|Subretinal fibrosis||30 (40)|
|Choroidal neovascularization||11 (14.7)|
VKH is a systemic disorder, and the extraocular findings are most important in securing the diagnosis. Perry and Font stressed that in patients with the Harada form of the disease some extraocular findings, such as hair and skin alterations, are uncommon. However, in our opinion, even patients with ocular lesions typical of this disorder cannot definitively be said to have VKH without these extraocular findings. A ‘revised’ guideline for diaganosis has been developed that reflects these concerns (see below).
The disease may be preceded by a prodromal stage, in which the patient may complain of headache, orbital pain, stiff neck, and vertigo. There may also be a fever. In the group of mostly Hispanic patients of Beniz and coworkers, headache was by far the most common neurologic complaint. Others , have reported presentation with a mild facial weakness, migraine-like headaches with a sensorimotor hemisyndrome, and cognitive brain dysfunction.
The patient complaining of central nervous system symptoms needs to be evaluated rapidly. A lumbar puncture will reveal a pleocytosis in 84%, with mostly lymphocytes and monocytes present. The CSF glucose level should show a normal relationship to the serum glucose level. A lumbar puncture should be performed early in the course of the disease because the pleocytosis will ultimately disappear, even though the inflammatory disease in the eye may continue. These CSF findings were central to the diagnosis criteria as proposed by Sugiura, and not to the revised criteria (see below). The CSF pleocytosis and the number of cells noted are significantly higher in those patients who develop a sunset glow fundus (see below). Further, it is occasionally very helpful in terms of determining the severity of the disease. If we see a pleocytosis we know we need to be very aggressive in our therapeutic approach. On occasion it can help with the diagnosis, as in a case where melanin-laden macrophages in the CSF specimen helped to make the diagnosis in a patient with titers positive for syphilis.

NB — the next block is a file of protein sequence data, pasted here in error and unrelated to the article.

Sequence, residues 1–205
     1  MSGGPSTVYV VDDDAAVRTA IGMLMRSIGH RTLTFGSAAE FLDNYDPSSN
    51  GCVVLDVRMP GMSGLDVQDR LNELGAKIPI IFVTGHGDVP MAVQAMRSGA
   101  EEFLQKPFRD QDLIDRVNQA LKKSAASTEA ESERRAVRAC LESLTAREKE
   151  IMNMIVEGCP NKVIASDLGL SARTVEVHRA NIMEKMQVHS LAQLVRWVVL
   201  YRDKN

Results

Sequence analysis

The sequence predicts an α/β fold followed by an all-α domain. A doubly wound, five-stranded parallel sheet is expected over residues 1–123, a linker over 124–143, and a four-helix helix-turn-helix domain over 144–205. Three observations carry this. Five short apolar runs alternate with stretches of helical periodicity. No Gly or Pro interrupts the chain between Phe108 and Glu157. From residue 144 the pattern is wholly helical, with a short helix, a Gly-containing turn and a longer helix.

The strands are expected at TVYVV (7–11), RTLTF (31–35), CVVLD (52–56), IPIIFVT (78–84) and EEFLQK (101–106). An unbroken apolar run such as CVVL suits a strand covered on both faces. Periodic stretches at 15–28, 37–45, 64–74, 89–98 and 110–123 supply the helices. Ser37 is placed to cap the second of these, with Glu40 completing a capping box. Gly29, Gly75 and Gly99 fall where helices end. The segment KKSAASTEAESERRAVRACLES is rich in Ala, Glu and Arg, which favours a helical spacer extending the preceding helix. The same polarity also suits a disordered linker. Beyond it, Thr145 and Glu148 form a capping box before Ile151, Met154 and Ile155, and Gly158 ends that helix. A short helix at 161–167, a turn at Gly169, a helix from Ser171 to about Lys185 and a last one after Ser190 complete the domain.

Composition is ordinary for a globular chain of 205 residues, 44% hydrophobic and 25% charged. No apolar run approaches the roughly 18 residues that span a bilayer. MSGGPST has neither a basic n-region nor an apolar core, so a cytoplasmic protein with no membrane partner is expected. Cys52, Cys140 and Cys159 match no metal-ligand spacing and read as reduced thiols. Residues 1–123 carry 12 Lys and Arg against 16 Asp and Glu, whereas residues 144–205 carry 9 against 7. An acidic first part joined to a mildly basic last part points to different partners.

The auditory difficulties associated with this disorder are central and will often occur concurrently with the ocular disease. The auditory disorder may be the presenting problem, however. The hearing loss usually involves the higher frequencies and may affect more than three-quarters of patients with the disorder. Dysacousia, which was observed in 74% of patients in one study, may resolve after several months; however, we and others have noted that it may persist for years. Some patients will have tinnitus without an objective decrease in hearing. When we reviewed 24 patients, we noted that some may indeed present with tinnitus and even sudden hearing loss. However, audiology revealed many more with hearing alterations. Detailed auditory testing, carried out by competent professionals, is important to rule out a noncentral reason for a reduction in hearing.
Skin lesions may also be a prominent part of the disease complex. Approximately 72% of patients report sensitivity to touch of both hair and skin during the active phase of their disease. Vitiligo and poliosis occur in a large number of patients (63% and 90%, respectively) during the convalescent stage, whereas alopecia was reported in 70–73% of one group with VKH , ( Fig. 24-1 ). It should be noted that ethnic groups may manifest varying systemic symptoms, as suggested by the study of Beniz and colleagues, in which the authors found dermatologic involvement only rarely in the group of mostly Hispanic patients with VKH whose cases they followed. One area frequently overlooked during an examination for such changes is the axilla.